Why It’s a Lot Harder to Be Wrong Than You Think

One of the most freeing thoughts I’ve come across is that, outside of mathematics, it’s a lot harder to be wrong than you think.

Growing up we hear a lot about “the wrong way.” That’s the wrong way to pronounce that word, to color in that book, to play on the gym.

In an odd way, it feels good to hear. After all, if you’re marketing your blog incorrectly, that means that there might be a Right Way and if you just did that, it would succeed.

I spent a lot of time sensing this tension but struggled to find the right words to explain it. It’s obvious that you shouldn’t always follow advice blindly, but I felt like there must be a better tool for thinking about advice that would be helpful in situations where it’s less clear or there’s a lot of emotion involved.

One common element to most feedback, advice, or opinions is an implied “if” statement:

“That’s the wrong way to pronounce that word — if you want to read it aloud and not get laughed at.”

“That’s the wrong way to color in that book — if you want to get a good grade.”

“That’s the wrong pace, the wrong thing to focus on, the wrong hours show up for work — if you want to keep this particular job.”

The important thing to recognize is that these things aren’t actually wrong, in the way that 2+2=5 is wrong. They’re just not suited for a particular situation or outcome. Even more than that, sometimes they’re just not suited in a particular person’s judgement or experience (which may or may not be accurate in your case).

One useful tool I’ve found is to look for the “if” statement, and then see if I find myself agreeing with it or not.

If I want to keep my job, I may need to change the hours that I show up. Or, if I want to be my truest, most productive self, perhaps I need to find another job that’s more accommodating to my natural rhythm. Same feedback, but different outcomes depending on which “if” I believe in.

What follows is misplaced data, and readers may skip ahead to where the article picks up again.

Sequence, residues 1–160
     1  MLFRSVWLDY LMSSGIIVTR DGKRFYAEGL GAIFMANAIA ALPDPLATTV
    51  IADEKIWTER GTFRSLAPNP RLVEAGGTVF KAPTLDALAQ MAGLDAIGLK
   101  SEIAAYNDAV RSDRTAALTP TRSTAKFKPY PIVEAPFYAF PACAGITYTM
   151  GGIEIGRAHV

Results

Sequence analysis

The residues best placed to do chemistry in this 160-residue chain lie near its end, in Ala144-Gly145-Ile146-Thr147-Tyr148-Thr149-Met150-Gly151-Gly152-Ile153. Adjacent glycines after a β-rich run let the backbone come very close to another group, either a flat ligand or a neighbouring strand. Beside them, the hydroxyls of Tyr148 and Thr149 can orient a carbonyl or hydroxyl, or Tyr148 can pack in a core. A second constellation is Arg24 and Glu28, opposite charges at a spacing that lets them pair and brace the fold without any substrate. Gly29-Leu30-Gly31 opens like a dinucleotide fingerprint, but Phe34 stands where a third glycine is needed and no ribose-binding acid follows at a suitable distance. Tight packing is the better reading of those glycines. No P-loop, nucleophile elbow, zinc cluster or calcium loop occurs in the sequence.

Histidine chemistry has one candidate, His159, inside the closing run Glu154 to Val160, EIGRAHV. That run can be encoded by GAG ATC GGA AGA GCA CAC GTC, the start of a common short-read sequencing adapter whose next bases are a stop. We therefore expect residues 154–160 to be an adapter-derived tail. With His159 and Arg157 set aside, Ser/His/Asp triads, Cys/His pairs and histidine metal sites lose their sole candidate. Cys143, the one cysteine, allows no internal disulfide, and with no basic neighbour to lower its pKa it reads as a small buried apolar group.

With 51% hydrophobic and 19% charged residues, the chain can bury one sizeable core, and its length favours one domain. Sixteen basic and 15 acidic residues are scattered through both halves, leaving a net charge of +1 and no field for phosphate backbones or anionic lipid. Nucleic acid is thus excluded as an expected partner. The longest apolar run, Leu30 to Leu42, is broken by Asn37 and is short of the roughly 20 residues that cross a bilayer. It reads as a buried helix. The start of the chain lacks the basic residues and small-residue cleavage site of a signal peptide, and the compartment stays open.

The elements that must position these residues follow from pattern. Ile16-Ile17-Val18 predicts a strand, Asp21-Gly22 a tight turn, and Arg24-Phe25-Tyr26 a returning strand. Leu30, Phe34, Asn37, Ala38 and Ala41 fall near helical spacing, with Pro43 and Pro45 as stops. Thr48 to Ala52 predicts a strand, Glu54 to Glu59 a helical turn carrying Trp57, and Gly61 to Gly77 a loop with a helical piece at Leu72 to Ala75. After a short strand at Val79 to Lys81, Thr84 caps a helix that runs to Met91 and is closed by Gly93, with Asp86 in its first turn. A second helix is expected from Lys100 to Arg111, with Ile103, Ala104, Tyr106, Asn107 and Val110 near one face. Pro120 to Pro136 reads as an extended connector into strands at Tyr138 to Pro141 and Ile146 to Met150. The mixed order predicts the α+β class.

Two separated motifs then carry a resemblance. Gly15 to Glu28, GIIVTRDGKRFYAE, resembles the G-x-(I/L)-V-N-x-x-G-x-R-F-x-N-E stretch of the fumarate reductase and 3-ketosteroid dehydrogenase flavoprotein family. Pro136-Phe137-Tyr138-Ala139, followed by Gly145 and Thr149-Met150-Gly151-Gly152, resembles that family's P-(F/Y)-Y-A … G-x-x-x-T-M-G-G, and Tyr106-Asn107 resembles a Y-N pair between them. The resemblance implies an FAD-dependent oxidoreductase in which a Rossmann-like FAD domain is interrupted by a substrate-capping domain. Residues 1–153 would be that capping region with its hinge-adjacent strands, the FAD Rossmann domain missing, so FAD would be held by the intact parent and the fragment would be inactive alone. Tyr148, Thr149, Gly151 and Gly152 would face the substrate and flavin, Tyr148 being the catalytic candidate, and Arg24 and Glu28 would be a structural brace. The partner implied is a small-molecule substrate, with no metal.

Someone may tell you that writing one sentence a day is the wrong way to write a novel, but of course you can write a novel this way. So what do they mean? A lot of times the “if” statement boils down to simply: if my experience is the same as yours. If nothing has changed or is unique with your situation. If you have the same goal as me.

Sometimes that is enough. If a doctor says I’m taking a prescription the wrong way, it’s smart for me to listen. They’re an expert in this particular facet of life and have devoted more thought to it than I ever will, and the consequences could be unpleasant. I’ve found it helpful to treat these as exceptions, and to be a bit more skeptical rather than defaulting to agreeing with an “if” statement.

Understanding the ifs floating around me is perhaps the most powerful tool I’ve found for staying true to myself. It helps me to be more aware of experience bias, where people may over-value their own experiences and preferences. I can also reflect more on what I’m truly hoping to accomplish because instead of being tactical (“Am I following this advice?”), I’m able to be strategic (“Do I agree with this goal?”).

More importantly, once I know what “if” is lurking behind a piece of advice or feedback, it becomes a lot less scary. Even when that “if” is huge and life-altering, I’ve found that it’s infinitely better than simply being wrong for no reason. “I’m doing things wrong” can be a quick path to imposter syndrome, anxiety, and uncertainty.

When someone gives me advice or feedback, it’s challenging sometimes to to remind myself to take a few extra seconds to reflect on the “if” statement that might be attached to it. But it’s also been the most effective way I’ve found to honor that feedback and integrate it with my goals, without being overly reactive to it.

This post originally appeared on www.patrikward.com on October 10th, 2016.